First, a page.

Eventually, a deactivation of all of my plugins fixed it but rather than turn on each one of the 50 or so plugins I use one by one to find the culprit, I tried a quick google search for something like “wordpress plugin break rss” and landed on this support thread for the WordPress HTTPS plugin which I’d been using for a while:

Sure enough, disabling that plugin sorted the issue but I thought I needed it. As it happened, I’d already converted my whole site over to HTTPS so didn’t really need the plugin’s functionality any more so I could safely leave it off. The plugin automatically parsed all non HTTPS url’s in the WordPress content which was handy and the only thing I was missing with it turned off but with a little tweak of my .htaccess file I was able to redirect all HTTP urls to HTTPS anyway.

The fix at the above thread might work for some temporarily but it’s not ideal considering plugin updates will overwrite the changes. I’ve submitted a report request to the developer and will update this post if he/she replies!



Switch Your Whole WordPress Website to Secure HTTPS SSL

I had cause recently to purchase and install a Secure Cert for this website so I could accept credit card payments securely but since then I’ve seen a few people mention the benefits of fully securing your whole site, not just payment sections. There are benefits for Forms pages and communications with other sites too. Here are some of the steps necessary to switch a whole WordPress site to SSL  as I’ve just done successfully with this one.

Purchase an SSL Cert

These have always been expensive but I found an affordable “Domain Validated” RapidSSL one at €7.85 per year that should work for most small to medium sites at There’s a bit to purchasing it and installing it on your server but tutorials are available online and it can be done in a matter of minutes if you’re familiar with the process.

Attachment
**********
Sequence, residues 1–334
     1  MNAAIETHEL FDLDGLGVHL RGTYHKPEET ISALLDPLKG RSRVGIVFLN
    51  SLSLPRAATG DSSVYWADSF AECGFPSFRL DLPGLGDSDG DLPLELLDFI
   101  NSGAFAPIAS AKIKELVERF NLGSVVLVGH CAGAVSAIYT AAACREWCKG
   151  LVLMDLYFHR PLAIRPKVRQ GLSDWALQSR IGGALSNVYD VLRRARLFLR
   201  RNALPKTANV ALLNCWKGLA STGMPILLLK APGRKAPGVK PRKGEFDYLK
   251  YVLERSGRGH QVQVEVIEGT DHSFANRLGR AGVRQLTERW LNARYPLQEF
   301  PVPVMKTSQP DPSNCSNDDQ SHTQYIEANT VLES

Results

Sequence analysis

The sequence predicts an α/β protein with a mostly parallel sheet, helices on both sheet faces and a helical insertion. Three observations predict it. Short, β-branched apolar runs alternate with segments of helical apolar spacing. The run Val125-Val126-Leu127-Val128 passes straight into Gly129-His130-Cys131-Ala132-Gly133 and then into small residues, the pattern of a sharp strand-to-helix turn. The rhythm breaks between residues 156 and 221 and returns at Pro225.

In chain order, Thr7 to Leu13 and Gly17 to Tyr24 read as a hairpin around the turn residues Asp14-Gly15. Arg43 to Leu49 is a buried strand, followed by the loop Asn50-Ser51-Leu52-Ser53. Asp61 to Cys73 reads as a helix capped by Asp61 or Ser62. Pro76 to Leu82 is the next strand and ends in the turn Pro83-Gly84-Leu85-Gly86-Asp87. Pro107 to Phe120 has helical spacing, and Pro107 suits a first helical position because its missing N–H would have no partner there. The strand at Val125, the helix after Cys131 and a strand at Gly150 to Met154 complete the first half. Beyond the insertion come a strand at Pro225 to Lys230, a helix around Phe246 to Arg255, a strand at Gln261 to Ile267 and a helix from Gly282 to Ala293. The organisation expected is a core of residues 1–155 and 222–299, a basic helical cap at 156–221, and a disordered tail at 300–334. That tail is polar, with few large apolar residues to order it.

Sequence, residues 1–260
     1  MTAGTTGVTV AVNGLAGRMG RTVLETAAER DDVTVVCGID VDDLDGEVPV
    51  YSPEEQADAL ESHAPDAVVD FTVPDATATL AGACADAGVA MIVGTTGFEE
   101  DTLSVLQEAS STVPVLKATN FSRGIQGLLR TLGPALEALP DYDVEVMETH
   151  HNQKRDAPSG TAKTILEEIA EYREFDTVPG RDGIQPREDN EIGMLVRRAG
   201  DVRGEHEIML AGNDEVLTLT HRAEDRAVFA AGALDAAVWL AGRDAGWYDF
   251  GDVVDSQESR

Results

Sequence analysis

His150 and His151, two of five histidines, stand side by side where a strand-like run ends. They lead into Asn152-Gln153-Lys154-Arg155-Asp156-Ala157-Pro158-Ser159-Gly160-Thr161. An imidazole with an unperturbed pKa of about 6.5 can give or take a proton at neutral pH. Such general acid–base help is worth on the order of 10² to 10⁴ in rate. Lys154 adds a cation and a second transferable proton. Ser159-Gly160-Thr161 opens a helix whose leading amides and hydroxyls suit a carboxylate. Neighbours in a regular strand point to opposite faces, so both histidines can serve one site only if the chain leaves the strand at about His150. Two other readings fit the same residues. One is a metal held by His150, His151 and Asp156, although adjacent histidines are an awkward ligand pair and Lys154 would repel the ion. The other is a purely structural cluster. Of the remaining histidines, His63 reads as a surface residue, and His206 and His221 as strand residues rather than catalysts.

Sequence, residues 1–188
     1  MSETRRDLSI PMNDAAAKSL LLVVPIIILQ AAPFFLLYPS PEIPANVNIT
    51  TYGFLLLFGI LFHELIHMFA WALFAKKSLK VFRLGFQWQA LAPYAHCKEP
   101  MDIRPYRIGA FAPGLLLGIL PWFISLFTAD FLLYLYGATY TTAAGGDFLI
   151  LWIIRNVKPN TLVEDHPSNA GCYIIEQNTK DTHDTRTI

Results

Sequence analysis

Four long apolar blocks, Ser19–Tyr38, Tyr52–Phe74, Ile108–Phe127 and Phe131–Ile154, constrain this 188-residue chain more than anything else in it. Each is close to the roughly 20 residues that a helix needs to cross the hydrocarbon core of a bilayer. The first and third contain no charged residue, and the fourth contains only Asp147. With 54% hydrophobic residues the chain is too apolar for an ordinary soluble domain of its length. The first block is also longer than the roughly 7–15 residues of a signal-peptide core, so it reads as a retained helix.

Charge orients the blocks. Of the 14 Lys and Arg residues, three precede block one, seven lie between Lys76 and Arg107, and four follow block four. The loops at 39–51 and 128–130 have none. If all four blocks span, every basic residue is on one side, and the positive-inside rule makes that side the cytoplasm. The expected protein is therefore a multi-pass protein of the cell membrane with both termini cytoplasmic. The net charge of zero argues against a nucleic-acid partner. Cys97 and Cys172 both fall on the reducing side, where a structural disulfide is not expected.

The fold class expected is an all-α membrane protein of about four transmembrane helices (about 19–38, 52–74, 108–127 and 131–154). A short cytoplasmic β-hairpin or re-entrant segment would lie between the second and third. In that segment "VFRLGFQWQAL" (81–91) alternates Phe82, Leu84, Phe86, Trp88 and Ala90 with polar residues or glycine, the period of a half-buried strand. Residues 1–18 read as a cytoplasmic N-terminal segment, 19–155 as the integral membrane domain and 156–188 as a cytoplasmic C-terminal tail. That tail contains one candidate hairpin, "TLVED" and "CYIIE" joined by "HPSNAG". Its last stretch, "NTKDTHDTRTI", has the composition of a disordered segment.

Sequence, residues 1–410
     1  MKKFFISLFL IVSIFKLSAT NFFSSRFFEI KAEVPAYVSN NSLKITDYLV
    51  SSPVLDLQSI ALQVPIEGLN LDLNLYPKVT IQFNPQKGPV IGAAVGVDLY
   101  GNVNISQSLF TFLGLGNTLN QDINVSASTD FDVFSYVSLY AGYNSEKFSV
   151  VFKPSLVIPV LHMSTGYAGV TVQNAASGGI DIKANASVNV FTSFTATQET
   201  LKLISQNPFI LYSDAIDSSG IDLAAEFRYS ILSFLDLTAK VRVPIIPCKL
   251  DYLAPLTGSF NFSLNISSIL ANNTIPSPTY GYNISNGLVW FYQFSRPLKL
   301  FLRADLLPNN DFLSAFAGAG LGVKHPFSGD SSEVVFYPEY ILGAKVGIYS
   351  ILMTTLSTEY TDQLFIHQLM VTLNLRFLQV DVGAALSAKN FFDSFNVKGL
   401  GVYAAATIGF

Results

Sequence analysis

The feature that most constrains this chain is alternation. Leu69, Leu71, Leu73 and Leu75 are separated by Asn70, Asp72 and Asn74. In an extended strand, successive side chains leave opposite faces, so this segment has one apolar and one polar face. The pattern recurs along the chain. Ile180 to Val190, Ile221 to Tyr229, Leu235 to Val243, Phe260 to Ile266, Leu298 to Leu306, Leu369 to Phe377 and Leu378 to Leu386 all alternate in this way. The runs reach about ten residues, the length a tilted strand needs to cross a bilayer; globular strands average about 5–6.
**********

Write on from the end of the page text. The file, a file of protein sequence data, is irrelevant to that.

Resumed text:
Dedicated IP Address

If you are on a shared hosting server you may need a Dedicated IP address for your site. Mine was on a private VPS so I’d nothing to do. Dedicated IPs should be pretty cheap from your hosting company.

HTTPS Plugin

There’s a great plugin for WordPress that allows you to make certain posts or pages use HTTPS or turn the whole site HTTPS including the admin section. It’s called WordPress HTTPS. It does a pretty good job of converting any urls it finds, including those in your content, to HTTPS automatically.

WordPress Settings

A quick way of switching all the internal urls to HTTPS once you have your secure cert installed is to add https:// to the WordPress URLs in Settings – General.

Theme/Template Tweaks

You may need to go into your theme’s code and convert any absolute http:// url references to relative urls. Especially if it’s old or custom made like mine. I found the following WordPress functions very handy here as it kinda future proofs your site if you ever switch urls again:

bloginfo( 'wpurl' );
bloginfo( 'template_url' );
bloginfo( 'stylesheet_url' );

301 Redirects

Technically search engines may view your HTTP and HTTPS site as 2 separate sites and cry duplicate content. You could sort this by using a 301 redirect in your .htaccess file and using a “Canonical” tag.

Speed Issues

One barrier to switching to HTTPS was that it can slow your site considerably as the encryption processes involved take time and cpu power but I havn’t noticed too much of a slow down. Bigger, busier sites may notice more. Here’s a Response report from Site24x7 for the changeover period (around May 7th). It looks bad but is only a slowdown of about 500ms on the previous weeks report:

HTTPS Speed Report

You may be required to update your website url with other services providers like Google Analytics and Webmaster Tools but that’s a bit beyond the scope of this article!